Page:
Of course, communicating with stakeholders is important in managing projects – and the statistics prove it. But it’s not really the communication you do that matters. It’s what you get back from the stakeholders that makes the difference.
Statistics can, of course, lie…but the number of statistics that show a co-relation between communication and project management are enormous. In organizations that are considered highly effective at communicating projects are 60% more likely to meet their goals. According to a Project Management Institute white paper, projects with effective communicators as leaders are 60% more likely to be within budget and almost twice as likely to be on time.
Let me repeat that last statistic: Communication doubles your chances of success in meeting schedule.
As you might expect from those statistics, Learning Tree’s course on building high performance teams has a section specifically about overcoming communication barriers; Learning Tree’s Project Management Professional (PMP) exam preparation course devotes a section to efficiently communicating with stakeholders as part of mapping to the PMP Body of Knowledge.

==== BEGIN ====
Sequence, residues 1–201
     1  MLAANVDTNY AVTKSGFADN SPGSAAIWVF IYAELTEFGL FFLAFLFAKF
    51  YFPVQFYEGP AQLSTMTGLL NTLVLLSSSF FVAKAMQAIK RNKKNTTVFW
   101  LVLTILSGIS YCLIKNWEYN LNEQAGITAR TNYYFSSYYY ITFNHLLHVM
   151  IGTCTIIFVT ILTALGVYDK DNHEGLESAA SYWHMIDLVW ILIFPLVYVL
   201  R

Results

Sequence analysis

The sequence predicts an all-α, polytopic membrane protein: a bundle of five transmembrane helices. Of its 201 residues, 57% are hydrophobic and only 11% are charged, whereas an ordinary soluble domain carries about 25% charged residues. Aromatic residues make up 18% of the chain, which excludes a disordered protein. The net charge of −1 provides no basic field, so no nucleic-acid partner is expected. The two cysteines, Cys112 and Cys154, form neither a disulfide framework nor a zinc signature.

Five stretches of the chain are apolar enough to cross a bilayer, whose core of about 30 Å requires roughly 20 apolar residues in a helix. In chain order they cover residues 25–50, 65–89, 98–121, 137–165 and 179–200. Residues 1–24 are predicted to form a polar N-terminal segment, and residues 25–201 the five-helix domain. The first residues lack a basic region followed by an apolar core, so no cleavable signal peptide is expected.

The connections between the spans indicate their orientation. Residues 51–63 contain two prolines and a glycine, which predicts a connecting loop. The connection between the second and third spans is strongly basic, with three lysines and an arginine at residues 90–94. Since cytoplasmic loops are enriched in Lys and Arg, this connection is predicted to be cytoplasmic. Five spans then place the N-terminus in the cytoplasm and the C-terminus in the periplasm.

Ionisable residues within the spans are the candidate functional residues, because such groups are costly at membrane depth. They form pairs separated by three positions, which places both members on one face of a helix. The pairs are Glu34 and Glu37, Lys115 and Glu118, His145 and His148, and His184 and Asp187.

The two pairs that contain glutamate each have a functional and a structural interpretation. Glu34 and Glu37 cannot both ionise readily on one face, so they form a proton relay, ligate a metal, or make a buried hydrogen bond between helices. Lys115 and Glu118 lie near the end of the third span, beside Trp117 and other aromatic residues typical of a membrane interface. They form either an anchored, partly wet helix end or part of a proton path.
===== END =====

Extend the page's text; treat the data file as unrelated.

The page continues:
What these statistics don’t describe (and the courses do) is why communication has this impact. The “why” is that communicating elicits feedback: When you communicate out to your stakeholders then your stakeholders communicate back to you. That feedback gives you two resources that you won’t otherwise get:
The nature of that information you get back tells you a lot about how you need to structure your communication with stakeholders in order to get the feedback you need.
Every one of your stakeholders has a different view on the project’s potential problems and, thanks to their background, a different set of tools for creating solutions to those problems. If you structure your communication correctly then the feedback from your stakeholders will identify issues you hadn’t considered. At the very least, that gives you a chance to proactively address those issues. Often stakeholders will suggest solutions as part of their feedback; when stakeholders don’t include solutions in their feedback, they are usually delighted to be consulted as part of developing a solution.